I sing. Alone in my car. Oh, sometimes my husband’s there too.
I used to sing a lot: in choirs, while walking along quiet streets, at friends’ houses, in Girl Guides, around campfires, in the elevator of the apartment building where I once lived… all over 30 years ago!
So this summer I had a free week in Haliburton and the chance to take a course at the HSA+D instructors’ discounted rate while my husband Kal taught collage there (I had taught the previous week). I thought about taking his course, it was a chance to focus on a medium I only lightly touch on in my own work and guaranteed to be fun as well.
So why didn’t I?
As my regular students can attest, there is a quirk in my nature that means I will move along methodically for a while and then what I call my “randomizer switch” will kick on and I’ll find myself talking about or teaching or doing something unexpected, not quite sensible, but sometimes just the perfect deviation!
That’s how I found myself a student in Creative Choral Music I, taught by the magnificent Sherry Squires (far left in photo).
There was also a level II choir, taught by Andy Rush (an amazing man who could make a high impact aerobics workout video just based on his conducting!). Our two classes came together the first (Monday) afternoon, as we would do throughout the week to prepare for our concerts and to celebrate at the end.
I was in skilled and capable hands, and there’s safety in numbers, right? (Imagine me laughing, so hard that tears are probably coming to my eyes!)
Well, the first part was actually true, Sherry and Andy were terrific instructors. It is also true that we covered a LOT of content in a few short days: warm-ups, voice management, enunciation, reading music, rhythms, breathing, blending, following a conductor, recognizing cues, coming in on time (surprisingly hard not to be early or especially, late), holding music, engaging the audience, being onstage, sight-reading (rather difficult for those who like me don’t properly read music for voice!), an amazingly large and varied selection of songs, etc.
What I discovered, and experienced, was how much my brain had to juggle more or less simultaneously when I wasn’t used to doing any of it! Even singing: it’s entirely different to sing a melody solo, in a key that’s perfect for your voice, (and do whatever you like to it with no consideration for anyone else, because there is no one else to consider) than it is to sing as one small part of a whole having only just been introduced to a song, and (and it’s a big “and”) sing a harmony part.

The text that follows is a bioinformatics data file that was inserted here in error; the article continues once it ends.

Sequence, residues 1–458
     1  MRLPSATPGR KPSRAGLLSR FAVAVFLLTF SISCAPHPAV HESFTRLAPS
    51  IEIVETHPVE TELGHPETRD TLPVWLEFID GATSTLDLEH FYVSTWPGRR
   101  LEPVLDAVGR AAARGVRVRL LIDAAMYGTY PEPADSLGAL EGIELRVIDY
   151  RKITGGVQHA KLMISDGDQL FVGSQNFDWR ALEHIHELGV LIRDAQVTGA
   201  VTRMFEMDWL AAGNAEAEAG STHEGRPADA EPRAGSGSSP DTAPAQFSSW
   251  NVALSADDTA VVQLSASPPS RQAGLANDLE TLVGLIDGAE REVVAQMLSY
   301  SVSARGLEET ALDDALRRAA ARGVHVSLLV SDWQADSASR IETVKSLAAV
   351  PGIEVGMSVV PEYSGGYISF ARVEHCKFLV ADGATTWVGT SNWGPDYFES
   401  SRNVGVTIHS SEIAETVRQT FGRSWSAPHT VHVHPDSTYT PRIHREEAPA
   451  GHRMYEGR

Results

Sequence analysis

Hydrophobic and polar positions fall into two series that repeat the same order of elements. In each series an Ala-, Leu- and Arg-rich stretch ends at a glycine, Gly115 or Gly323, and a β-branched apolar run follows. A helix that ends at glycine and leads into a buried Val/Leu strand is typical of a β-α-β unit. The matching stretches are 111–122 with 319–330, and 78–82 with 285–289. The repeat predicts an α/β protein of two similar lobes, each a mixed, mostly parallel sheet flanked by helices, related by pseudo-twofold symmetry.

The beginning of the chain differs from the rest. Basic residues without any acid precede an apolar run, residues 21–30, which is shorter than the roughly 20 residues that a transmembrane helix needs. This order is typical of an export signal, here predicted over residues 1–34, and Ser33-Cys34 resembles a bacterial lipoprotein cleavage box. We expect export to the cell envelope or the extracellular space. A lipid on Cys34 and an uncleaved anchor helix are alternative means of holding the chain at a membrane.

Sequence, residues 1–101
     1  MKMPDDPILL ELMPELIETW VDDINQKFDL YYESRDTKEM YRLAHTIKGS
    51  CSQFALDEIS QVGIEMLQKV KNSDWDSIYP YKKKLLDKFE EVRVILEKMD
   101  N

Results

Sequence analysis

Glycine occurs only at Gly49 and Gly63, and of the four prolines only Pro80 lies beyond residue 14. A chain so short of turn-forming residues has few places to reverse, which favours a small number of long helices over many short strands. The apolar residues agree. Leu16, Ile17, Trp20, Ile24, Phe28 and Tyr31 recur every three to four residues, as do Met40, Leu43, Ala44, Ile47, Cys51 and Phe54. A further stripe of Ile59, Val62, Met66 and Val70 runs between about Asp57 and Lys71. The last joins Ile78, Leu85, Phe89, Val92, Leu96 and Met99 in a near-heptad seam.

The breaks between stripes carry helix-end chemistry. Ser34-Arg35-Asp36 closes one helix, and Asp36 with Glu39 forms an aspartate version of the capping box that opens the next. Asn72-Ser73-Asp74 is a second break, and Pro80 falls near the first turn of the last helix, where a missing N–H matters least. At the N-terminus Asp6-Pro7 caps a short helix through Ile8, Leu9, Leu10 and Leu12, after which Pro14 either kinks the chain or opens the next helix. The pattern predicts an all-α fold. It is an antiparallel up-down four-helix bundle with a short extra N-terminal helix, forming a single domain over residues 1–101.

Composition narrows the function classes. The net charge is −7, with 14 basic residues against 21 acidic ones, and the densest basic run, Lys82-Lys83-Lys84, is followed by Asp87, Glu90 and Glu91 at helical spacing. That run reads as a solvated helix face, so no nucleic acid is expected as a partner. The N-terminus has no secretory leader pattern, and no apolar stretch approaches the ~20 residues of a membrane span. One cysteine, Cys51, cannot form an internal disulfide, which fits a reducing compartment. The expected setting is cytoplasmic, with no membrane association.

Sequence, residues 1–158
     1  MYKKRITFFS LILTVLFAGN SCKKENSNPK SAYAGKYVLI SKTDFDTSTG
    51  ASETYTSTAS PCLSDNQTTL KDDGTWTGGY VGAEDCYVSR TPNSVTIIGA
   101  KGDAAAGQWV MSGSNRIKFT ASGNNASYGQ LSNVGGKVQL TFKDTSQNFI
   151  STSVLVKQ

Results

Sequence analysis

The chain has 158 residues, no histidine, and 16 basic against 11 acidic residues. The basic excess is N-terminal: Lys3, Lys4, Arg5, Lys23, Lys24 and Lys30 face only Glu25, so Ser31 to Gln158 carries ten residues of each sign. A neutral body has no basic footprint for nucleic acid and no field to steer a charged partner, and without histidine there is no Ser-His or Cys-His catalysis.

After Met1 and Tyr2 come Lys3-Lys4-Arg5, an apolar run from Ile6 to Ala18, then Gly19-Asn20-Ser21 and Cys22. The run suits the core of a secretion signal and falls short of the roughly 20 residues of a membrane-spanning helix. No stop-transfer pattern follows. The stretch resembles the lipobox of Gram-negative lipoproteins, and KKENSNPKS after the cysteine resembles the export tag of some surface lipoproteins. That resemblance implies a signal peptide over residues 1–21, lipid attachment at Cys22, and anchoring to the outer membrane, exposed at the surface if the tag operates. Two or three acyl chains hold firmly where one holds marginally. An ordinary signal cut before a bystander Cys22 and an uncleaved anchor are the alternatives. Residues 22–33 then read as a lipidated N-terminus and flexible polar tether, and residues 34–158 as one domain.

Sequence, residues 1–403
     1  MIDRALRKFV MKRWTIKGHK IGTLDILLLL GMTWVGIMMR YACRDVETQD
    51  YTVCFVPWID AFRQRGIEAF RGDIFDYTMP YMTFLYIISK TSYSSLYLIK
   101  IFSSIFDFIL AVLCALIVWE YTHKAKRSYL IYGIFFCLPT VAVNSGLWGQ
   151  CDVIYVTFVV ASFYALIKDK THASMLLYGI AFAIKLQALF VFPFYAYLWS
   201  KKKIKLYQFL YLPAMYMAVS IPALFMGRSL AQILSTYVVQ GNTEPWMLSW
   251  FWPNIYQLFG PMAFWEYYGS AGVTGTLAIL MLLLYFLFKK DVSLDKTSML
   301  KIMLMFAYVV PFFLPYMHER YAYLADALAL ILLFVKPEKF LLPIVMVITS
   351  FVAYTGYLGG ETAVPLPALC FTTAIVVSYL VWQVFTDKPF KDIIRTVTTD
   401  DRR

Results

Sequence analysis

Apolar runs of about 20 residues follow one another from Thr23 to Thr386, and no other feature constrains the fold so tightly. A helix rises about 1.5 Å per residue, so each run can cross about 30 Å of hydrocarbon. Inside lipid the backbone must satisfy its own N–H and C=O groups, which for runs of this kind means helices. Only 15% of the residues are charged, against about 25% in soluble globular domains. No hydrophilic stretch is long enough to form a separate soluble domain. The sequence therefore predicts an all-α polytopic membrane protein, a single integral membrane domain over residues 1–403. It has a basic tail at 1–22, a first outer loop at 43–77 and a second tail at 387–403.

Singing a harmony part (I was in the tenor section) was a sometimes bizarre experience because depending on the song/arrangement, it might relate closely to the melody or it might be off on what feels like a completely different tangent. All contributing to making a wonderful whole of course, but difficult to process and adapt to (never mind learn well enough to get right consistently!) in a few short days.
In my studio I am used to working solo almost all the time. I have had a number of projects where for certain periods a variety of truly generous people have helped me out, and I’ve also hired fabricators and services to complete certain aspects, but even those cooperative experiences were very different than singing in a choir.
A few short days can get you surprisingly far in the right circumstances, including the right instructor(s), and to feel our 50+ voices blend into a unified whole during sections of both concerts was pure bliss. I felt like one small star in a galaxy of stars – an amazing reward for almost a week of head-exploding mental challenge, voice-shredding physical challenge and moments of pure panic!
The other reward was all the warm, friendly, welcoming veterans (and not) whom I met in both choirs, and I didn't even meet everyone!
It was not easy being a real beginner again, to leap straight into the deep end, especially when you are expert at other things, but it is vital. It quite literally adds to your vitality, stimulating and nourishing you all at once; and by exercising "muscles" that you don't normally use or aren't skillful with, you increase your mental and creative agility, possibilities and courage.
That fantastic week prepared me for new creative adventures this fall and beyond, but more on those later!
Please share in the comments below any leaps (large or small) that you’ve taken and were glad you did... or if you too sing in a choir.
The combined choirs of Choral Music I and II, led by Sherry Squires and Andy Rush respectively (far left and middle front). Yours truly is partially hidden behind the white hair of one of my fellow female tenors, top left. This picture was taken right after our concert in the Great Hall at Haliburton School of Art + Design.
Here's a little video excerpt of Choral Music I and II classes' concert, singing one verse of Susan Aglukark's Song of the Land. The cameraman sneezes at one point I think :-)